Our focus is Jesus. We see clearly when our eyes are fixed on The LORD, The Word of God, Amen.

MEDITATE: Psalm 35:13

And we pray:

Lord, as I fast over these few weeks, may it be less about selfish gain and more about selfless worship. Help me to shift my focus away from myself and more toward You, Jesus. Amen.

Biblically, fasting is mentioned in both the Old and New Testament. In the Old Testament it was often a way of expressing grief or a means of humbling one’s self before the Lord. In Psalm 35:13, David humbled himself with fasting. In the New Testament it was a means to grow closer to God through mediating and focusing on Him. In Matthew 4:1-2, Jesus went to the wilderness to fast for 40 days. In Matthew 6:16-18 we learn that we aren’t to look somber while fasting so that it’s not obvious to others when we are fasting. Throughout the New Testament fasting and prayer are often mentioned together. In Acts 13:3, ‘they had fasted and prayed.’ In Luke 2:37 a widow worshiped day and night fasting and praying.

And what if anything have you given up? It is not a ‘rule’. But, amazingly, it is a ‘season’. We in America experience Sping, Summer, Autumn and Winter regardless of what we feel we must experience the change of season. Are you Christian? Right quick, does that not mean that we need to do as Jesus did?

Then the disciples of John came to Him, saying, “Why do we and the Pharisees fast often, but Your disciples do not fast?”

And Jesus said to them, “Can the friends of the bridegroom mourn as long as the bridegroom is with them? But the days will come when the bridegroom will be taken away from them, and then they will fast. No one puts a piece of unshrunk cloth on an old garment; for the patch pulls away from the garment, and the tear is made worse. Nor do they put new wine into old wineskins, or else the wineskins break, the wine is spilled, and the wineskins are ruined. But they put new wine into new wineskins, and both are preserved.” — Matthew 9:14-17 (cf. Mark 2:18-22 and Luke 5:36-39).

Here we have the disciples of John (and Pharisees) questioning Jesus about fasting.

Jesus explaines that because He is present as the Messiah (the bridegroom), His disciples did not need to fast. However, Jesus recognizes a future time when He would not be with them and then they would have a reason to grieve and fast.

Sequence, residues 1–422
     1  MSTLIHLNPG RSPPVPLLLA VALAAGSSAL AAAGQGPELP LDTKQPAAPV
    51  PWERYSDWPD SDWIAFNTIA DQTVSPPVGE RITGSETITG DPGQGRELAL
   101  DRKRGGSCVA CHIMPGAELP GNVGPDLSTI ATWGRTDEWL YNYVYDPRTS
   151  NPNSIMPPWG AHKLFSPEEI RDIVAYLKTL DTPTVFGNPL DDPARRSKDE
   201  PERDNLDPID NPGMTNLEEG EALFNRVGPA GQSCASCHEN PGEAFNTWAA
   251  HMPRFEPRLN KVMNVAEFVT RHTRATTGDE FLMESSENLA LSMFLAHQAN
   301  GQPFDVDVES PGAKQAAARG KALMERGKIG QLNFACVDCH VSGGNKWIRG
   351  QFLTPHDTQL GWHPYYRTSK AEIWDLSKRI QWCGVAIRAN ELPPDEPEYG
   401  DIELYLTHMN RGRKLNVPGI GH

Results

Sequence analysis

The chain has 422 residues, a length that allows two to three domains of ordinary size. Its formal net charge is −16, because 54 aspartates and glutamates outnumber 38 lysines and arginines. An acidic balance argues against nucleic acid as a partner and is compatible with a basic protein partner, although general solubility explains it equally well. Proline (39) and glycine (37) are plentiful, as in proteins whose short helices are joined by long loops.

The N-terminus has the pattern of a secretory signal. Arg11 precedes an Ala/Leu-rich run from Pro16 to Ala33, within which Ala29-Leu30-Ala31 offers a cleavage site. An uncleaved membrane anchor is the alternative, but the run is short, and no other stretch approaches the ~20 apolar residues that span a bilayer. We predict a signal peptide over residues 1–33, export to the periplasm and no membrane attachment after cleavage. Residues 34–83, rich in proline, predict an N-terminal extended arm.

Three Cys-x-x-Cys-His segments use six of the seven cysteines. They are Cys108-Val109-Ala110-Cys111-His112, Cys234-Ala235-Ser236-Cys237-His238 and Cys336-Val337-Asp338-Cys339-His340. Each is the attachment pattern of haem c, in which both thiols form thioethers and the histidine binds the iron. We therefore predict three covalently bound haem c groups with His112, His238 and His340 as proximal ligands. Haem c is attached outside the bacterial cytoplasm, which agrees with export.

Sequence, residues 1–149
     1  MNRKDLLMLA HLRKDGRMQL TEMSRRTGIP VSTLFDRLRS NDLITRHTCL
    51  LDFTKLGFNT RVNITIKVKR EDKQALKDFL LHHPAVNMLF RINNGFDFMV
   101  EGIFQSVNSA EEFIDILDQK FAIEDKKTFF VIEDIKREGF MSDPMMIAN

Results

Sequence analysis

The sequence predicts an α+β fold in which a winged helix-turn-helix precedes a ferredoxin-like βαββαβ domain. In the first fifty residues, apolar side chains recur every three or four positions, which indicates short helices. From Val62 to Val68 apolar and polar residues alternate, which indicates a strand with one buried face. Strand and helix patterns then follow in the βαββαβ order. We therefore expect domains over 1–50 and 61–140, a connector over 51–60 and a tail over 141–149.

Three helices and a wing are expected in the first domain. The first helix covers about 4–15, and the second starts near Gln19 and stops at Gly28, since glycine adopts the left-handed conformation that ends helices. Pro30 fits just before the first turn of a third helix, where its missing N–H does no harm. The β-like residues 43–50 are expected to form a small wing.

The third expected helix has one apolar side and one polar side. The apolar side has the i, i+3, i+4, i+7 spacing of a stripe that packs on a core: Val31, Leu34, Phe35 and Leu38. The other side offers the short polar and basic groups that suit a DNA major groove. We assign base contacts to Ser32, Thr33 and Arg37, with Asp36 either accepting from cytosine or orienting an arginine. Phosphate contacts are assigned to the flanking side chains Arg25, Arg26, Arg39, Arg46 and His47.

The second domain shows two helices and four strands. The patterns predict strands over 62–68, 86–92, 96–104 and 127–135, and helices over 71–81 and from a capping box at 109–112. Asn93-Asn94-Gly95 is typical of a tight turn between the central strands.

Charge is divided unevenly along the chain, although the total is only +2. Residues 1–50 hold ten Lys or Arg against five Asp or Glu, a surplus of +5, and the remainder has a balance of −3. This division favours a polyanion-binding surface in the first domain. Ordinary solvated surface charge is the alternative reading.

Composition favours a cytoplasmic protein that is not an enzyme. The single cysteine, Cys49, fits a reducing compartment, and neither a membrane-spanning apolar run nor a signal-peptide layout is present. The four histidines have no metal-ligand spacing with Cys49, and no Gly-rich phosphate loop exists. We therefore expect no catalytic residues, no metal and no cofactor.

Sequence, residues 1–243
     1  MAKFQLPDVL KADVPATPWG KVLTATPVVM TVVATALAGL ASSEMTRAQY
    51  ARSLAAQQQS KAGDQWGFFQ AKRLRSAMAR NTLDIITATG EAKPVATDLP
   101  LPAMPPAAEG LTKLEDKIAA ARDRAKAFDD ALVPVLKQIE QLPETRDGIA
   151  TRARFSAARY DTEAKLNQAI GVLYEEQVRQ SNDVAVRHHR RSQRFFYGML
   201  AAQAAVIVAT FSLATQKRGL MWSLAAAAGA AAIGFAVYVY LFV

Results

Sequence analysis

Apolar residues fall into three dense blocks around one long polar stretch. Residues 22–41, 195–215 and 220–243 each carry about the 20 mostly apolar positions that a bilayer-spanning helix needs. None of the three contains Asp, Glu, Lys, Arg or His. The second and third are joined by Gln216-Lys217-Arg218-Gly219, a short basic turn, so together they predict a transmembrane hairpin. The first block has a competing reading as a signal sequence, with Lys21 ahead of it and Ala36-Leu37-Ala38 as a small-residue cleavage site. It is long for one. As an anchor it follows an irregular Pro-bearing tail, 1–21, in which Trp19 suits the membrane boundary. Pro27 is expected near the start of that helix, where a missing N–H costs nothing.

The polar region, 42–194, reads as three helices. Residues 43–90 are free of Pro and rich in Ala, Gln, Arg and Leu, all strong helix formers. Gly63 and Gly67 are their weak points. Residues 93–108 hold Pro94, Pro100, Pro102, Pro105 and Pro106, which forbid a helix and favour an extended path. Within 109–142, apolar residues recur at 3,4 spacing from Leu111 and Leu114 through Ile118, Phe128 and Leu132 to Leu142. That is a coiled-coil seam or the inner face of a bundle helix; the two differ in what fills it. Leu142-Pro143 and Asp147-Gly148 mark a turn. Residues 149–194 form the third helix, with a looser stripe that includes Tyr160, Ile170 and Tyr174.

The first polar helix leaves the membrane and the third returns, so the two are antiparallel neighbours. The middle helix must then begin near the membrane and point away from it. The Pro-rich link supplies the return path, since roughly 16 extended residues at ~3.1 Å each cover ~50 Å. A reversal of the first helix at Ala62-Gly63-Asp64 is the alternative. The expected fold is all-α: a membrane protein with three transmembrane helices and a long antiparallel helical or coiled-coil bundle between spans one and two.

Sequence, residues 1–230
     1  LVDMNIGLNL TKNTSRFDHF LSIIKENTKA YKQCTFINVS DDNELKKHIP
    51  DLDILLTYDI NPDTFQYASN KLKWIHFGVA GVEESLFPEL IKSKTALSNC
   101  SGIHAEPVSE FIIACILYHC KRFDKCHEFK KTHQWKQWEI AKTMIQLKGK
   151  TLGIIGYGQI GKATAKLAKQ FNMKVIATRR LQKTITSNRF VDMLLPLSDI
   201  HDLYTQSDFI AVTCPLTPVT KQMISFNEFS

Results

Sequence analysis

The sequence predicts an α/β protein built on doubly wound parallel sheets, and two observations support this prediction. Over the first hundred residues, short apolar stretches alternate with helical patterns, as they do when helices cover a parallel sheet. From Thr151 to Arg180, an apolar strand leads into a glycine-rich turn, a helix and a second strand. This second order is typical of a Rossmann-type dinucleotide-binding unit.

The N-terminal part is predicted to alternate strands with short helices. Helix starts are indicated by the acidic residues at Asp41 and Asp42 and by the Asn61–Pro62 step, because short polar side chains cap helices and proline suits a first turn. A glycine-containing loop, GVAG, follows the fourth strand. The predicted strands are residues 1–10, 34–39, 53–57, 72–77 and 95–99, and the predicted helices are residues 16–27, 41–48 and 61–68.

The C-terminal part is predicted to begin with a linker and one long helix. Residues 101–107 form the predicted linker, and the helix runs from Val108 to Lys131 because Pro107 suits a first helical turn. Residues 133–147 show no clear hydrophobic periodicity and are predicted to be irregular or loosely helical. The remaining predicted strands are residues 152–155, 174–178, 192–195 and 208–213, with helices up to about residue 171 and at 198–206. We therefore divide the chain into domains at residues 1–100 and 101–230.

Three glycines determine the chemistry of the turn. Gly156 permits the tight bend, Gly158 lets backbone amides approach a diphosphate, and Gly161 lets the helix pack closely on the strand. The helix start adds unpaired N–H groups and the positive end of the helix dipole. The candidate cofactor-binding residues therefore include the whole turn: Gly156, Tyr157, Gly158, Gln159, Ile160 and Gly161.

Jesus’ response is intended to be a jab at the Pharisees, a response that could enrage them even further. He compares His time with His disciples to a wedding feast. He’s the bridegroom and they are the friends/guests. By doing this He puts the spotlight directly on Himself, Whom they are trying to discredit. After all, was it not Jesus Who is breaking their rules (traditions)? Then, with the parables that follow He tells them that in His presence, things have changed; their old rules didn’t apply, and in His Gospel of the Kingdom, there was something new.

Parable of the Old and New Garments

This parable illustrates the incompatibility of the old with the new. And when Jesus uses the illustration of the unfinished cloth being used as a patch for an old garment, He is implying that something new, yet unfinished, is not compatible with something old, which has been damaged or torn. The new, unfinished cloth is His message of the Kingdom; the old, torn garment is the present condition of Judaism. The New Covenant is not yet fully revealed, so it is not completely understood. The Old Covenant (the Law and the Prophets) has been damaged, torn and rendered useless by the religious whims of men, determined to follow their flesh, rejecting God’s righteousness and devising means to produce their own self-righteousness (the scribes and the Pharisees and their followers).

They could never repair the old, damaged garment by simply adding the new, unfinished cloth to it, the result would be something even more damaged than the original. Remember that Jesus is being accused of not keeping the rules of the religious crowd. But also remember, this was a mixed crowd. So, were the disciples of John trying to repair the old torn garment (Judaism) by adding a patch of unfinished cloth, (John’s message of repentance and Jesus’ Good News of the kingdom) to the Pharisees self-righteous rituals? They may have been.

Parable of New Wine and Old Wineskins

Grapes start fermenting immediately after being pressed. New wine continues to ferment and builds up pressure that would burst a used wineskin (leather bags made of sheep/goat skin). If new wine is stored in old wineskins, the brittle old bags would burst due to the fermenting process. However, old wineskins could be reconditioned/ softened by soaking them in water for some time. In this process, they would lose some of their brittleness and become pliable enough to hold new wine.

Jesus is saying that the old patterns of fasting are inappropriate for the fullness of the kingdom that has now arrived.

The old is incompatible with the new. The new wine — the Gospel — would destroy those trapped in their rigid, religious ways. To them, the new message it pictures would be lost forever. The new message of the kingdom is going to experience expansion and change as it distances itself from the old dried out, inflexible/brittle Jewish system. And those who receive it must be ready and able to withstand the pressures caused by the agitation and violence of that process. Jesus makes it clear that the new message can only be successfully deposited in the old heart that has been reconditioned and is soft, pliable and ready to extend itself to new limits as the revelation of the kingdom continues to grow.

Published by Fellowship of Praise: ALL praise to God our Reason, Hallelujah!!!

To God be The glory. Let us praise God together for His ALL in our lives, Amen.

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